A guide through the maze of aid jargon
Official development assistance consists of grants and loans at concessional rates (low interest arid long term) to promote economic developrnent and welfare. Not included: military aid, batik loans at commercial rates and grants from non-government agenci es.
Bilateral aid is provided directly by a donor to a recipient country. About 70% of all official aid.
Multilateral aid is channelled via international organisations such as the UN agencies and the World Bank. About 30% of all official aid.
Tied aid means that goods and services must be procured in the donor country; untied aid may be used to ‘shop around’ for the best deal on the open market. About half of all official aid is tied.
Project aid is for clearly defined projects, e.g. roads, water supplies and health facilities. This form of aid is attractive to donors because they can exercise greater control over its use. About 65% of all official aid.
Programme aid is non-project development assistance, usually to help countries out of balance of payments difficulties, This form of aid is most attractive to recipient countries because of its flexibility. About 35% of all official aid.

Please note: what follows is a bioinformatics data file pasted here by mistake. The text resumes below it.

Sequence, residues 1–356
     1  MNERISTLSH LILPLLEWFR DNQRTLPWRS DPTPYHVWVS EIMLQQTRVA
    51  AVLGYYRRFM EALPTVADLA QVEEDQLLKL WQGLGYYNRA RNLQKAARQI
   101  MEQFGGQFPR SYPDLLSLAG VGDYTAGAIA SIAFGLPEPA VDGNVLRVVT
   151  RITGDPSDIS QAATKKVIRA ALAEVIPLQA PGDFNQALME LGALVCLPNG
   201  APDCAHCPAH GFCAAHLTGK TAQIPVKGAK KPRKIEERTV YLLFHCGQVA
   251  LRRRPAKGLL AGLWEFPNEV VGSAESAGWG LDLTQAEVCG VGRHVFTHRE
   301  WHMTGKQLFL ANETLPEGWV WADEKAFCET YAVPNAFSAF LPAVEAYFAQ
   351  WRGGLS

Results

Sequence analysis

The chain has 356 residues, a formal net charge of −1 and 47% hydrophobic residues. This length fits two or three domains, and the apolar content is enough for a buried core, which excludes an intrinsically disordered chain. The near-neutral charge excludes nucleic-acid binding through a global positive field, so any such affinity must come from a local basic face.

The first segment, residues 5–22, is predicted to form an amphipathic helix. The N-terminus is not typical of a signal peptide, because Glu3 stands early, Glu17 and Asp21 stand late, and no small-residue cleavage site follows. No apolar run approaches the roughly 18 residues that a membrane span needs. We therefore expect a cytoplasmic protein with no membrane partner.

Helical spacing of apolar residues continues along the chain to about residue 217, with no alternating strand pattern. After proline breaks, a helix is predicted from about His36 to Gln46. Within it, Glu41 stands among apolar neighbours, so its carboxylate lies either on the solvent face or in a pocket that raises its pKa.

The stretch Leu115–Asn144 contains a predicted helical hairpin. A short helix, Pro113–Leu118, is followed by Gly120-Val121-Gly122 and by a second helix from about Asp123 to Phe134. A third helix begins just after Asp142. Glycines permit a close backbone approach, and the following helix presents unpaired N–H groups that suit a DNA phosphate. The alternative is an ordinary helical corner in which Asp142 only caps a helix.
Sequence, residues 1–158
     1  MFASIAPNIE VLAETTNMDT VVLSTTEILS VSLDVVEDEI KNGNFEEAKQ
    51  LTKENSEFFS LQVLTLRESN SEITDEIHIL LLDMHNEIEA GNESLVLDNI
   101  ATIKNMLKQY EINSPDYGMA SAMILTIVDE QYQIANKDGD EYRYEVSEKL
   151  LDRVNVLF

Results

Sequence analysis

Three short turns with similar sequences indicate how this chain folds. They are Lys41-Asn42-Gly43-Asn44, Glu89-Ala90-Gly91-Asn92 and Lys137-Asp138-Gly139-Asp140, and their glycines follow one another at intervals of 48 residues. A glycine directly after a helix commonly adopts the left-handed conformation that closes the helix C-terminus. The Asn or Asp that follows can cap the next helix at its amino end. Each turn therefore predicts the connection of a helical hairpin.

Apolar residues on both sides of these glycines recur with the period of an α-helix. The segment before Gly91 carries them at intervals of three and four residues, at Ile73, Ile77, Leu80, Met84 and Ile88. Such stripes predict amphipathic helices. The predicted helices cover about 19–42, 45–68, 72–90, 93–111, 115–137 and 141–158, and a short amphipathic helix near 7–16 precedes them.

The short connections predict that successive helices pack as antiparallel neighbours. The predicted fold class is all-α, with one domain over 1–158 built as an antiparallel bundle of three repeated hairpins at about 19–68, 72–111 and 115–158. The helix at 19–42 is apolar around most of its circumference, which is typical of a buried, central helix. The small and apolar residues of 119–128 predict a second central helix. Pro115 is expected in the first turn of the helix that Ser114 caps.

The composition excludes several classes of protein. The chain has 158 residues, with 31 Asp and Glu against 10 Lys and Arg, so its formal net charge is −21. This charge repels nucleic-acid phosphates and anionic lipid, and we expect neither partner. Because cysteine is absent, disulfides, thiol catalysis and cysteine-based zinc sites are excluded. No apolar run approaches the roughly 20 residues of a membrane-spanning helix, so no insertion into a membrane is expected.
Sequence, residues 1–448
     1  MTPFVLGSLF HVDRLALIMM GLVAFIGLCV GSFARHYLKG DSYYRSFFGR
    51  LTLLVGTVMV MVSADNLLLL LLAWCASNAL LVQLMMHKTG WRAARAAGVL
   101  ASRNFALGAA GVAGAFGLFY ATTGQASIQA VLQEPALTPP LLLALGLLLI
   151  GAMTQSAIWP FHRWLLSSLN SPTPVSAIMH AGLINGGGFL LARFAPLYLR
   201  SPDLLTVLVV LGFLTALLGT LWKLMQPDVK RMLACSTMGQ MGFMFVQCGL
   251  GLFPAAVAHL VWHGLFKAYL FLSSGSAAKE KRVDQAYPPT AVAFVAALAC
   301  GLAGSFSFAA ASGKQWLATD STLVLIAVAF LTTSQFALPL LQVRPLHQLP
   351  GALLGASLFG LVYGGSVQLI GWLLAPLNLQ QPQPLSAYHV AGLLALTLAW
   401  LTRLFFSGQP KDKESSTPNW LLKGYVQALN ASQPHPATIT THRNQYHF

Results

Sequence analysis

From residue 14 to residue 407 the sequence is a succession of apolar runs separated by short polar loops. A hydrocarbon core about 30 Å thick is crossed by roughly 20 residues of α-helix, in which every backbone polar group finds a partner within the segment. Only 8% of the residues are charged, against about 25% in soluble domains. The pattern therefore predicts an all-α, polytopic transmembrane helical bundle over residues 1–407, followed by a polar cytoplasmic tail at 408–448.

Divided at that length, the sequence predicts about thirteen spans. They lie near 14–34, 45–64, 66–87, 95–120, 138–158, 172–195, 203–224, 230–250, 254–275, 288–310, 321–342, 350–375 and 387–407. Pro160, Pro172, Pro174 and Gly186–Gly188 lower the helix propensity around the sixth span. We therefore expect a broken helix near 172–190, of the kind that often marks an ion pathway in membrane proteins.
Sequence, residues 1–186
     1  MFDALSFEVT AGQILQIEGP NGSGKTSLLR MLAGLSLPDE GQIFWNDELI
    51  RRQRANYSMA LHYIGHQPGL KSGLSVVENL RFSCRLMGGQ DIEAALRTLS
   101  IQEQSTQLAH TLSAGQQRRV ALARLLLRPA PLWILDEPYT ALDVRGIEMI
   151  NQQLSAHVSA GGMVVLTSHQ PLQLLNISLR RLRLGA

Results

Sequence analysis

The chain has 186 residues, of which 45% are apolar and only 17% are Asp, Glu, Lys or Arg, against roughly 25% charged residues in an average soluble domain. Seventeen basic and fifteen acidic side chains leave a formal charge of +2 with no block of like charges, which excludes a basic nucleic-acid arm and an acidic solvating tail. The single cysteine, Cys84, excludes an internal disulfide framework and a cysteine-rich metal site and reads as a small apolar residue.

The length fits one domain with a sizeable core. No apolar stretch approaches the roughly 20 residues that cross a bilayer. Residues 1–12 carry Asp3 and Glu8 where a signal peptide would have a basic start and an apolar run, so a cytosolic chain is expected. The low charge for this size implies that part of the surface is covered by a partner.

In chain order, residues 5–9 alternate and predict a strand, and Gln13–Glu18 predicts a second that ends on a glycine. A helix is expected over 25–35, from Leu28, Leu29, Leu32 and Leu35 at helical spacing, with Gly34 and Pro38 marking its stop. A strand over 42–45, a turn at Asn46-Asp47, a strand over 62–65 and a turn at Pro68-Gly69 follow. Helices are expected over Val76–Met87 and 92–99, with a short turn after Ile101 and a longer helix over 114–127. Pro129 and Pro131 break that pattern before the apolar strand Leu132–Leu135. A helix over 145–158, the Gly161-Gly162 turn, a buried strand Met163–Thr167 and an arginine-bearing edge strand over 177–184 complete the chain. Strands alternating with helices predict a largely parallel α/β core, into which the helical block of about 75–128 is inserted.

Technical assistance involves the provision of development-oriented skills by experts, the supply of relevant equipmerit and the training of local technical personnel. About 25% of all bilateral aid.
Food aid consists of cereals and dairy products from food-surplus countries, sent niainly to Egypt, Bangladesh, Indonesia and India. 70% is sold locally and used to support government budgets; 20% is used as project aid; 10% is used for emergency aid. Amounts to 11% of total official aid.
Emergency assistance is aid to people (e.g. refugees) in countries suffering from natural disasters, wars or other major Lipheava Is. About 5% of official aid.